Australia won’t be happy with a draw vs India in Dharamsala Test, says Adam Gilchrist
Australian legend Adam Gilchrist believes that Australia will be going for the kill against India in Dharamsala Test.cricket Updated: Mar 24, 2017 17:38 IST
Australia have defied expectations with their resilient show in India but with all to play for in the final test in Dharamsala, Steve Smith’s team would not leave happy with a drawn series, according to former wicketkeeper-batsman Adam Gilchrist.
With the series tied at 1-1 after the draw in Ranchi, victory in Dharamsala would give Australia their first ever series win in India since 2004.
Gilchrist was an integral part of the 2004 triumph, stepping in for injured captain Ricky Ponting in the first three tests of the series to guide Australia to victory with a game in hand.
With India impregnable at home in recent years, few pundits backed Smith’s team to win a test let alone be in contention to claim the series heading into the final match.
“They have exceeded expectations. They, themselves, might not have thought they would be at this point three games in,” Gilchrist told Reuters in an interview in Melbourne.
“All credit to them, I think the nation should be very proud of their efforts. But knowing test cricketers, (coach) Darren Lehmann and Steve Smith the way I do, none of those players are going to be satisfied.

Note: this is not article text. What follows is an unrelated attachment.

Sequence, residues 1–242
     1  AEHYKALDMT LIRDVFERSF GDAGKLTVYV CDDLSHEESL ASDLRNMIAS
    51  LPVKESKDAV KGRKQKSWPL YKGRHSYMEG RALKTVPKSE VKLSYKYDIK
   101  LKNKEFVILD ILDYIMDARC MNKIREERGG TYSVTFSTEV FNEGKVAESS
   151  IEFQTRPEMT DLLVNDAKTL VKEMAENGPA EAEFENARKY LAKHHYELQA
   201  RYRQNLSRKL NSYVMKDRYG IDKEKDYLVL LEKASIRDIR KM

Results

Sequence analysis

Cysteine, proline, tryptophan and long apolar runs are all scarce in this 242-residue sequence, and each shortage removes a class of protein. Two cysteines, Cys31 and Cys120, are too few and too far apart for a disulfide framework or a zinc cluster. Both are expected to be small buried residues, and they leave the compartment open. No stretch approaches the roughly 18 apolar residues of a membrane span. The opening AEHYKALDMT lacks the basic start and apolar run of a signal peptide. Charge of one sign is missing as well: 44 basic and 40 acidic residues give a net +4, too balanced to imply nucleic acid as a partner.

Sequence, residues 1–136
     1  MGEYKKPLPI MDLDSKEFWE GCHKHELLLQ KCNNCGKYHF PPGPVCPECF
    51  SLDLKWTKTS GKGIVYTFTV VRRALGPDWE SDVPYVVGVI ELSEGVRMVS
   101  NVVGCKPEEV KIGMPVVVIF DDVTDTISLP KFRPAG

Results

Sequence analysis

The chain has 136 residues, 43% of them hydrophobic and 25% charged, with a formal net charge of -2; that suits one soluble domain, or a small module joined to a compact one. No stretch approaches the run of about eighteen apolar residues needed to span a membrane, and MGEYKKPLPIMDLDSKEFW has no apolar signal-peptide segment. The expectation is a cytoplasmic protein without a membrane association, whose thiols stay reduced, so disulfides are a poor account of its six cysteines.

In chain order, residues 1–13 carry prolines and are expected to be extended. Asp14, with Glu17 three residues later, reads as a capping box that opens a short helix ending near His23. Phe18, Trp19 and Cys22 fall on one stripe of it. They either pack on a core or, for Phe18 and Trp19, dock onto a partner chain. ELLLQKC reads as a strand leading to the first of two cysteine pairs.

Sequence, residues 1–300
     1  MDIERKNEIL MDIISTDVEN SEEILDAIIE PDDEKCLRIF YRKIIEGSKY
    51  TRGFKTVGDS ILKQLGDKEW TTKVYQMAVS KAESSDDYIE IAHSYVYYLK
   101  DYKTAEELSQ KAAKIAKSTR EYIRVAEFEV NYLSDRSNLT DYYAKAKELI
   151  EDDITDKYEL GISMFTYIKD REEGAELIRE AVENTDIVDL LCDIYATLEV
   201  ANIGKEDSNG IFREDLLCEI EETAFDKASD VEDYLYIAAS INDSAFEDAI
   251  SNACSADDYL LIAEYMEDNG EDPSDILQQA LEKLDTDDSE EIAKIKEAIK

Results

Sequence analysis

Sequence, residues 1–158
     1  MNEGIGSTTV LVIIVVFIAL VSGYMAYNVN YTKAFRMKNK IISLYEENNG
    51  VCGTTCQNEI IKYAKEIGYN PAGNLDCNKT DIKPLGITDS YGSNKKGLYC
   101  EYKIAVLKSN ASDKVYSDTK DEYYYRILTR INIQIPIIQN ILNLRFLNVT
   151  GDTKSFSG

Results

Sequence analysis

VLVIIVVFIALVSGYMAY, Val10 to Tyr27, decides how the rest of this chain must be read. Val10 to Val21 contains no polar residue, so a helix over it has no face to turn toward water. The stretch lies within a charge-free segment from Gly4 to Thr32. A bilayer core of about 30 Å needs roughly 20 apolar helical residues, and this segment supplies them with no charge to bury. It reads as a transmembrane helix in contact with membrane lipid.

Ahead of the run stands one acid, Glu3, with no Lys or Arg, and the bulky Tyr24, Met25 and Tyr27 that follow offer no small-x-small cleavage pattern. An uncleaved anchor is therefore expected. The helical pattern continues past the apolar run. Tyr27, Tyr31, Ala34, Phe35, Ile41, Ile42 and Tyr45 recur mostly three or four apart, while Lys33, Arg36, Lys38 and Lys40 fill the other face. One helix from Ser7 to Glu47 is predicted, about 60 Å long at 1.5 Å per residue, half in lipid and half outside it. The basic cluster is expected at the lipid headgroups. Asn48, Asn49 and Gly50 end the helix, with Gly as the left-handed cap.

“No-one’s going to be sitting back, saying: ‘job done’. They’ll be so hungry to try to get the job done in this last game. And they’re a chance, a definite chance.”
Gilchrist said he felt Australia had taken some lessons from their previous tour of India in 2013, when Michael Clarke’s team were whitewashed 4-0, and credited their training camp in Dubai for preparing them well for the current series.
“It’s a tough place to play. Indian cricket don’t lay on any favours in terms of practice facilities,” said the 45-year-old, one of the most destructive test batsmen of his era.
“That’s why they went to Dubai and I think that was a great choice.
“They were really able to replicate the conditions there, to strategise.”
Gilchrist saw some similarities between the 2004 team and Smith’s Australia.
“They’ve also reaped the benefit of having a few players go in there without the scars of previous tours,” he said of Smith’s side, who have had important contributions from new batsmen Matt Renshaw and Peter Handscomb.
“That’s worked well.
“In ‘04, we benefited a little bit like that, too. Damien Martyn wasn’t on the ‘01 tour where we missed out.
“And he was prolific with his run-scoring. Darren Lehmann was also a major part of ‘04. But it’s fair to say we all learnt a lot in ‘01 to carry it forward.”
Most important was Smith leading by example, Gilchrist said.
The Australian skipper struck 109 in the opening test at Pune and an unbeaten 178 in the first innings at Ranchi and is topping the batting lists with 371 runs at an average of 74.20.
“He’s such an inspirational leader and the greatest compliment I can pay is that the team is clearly on side with him. Unconditional support for him,” Gilchrist said.
“With (Michael) Clarke, you could say that publicly there was always this discussion about are they, aren’t they behind him, but it’s unconditional support for Steve Smith and that’s a good way to lead a team.”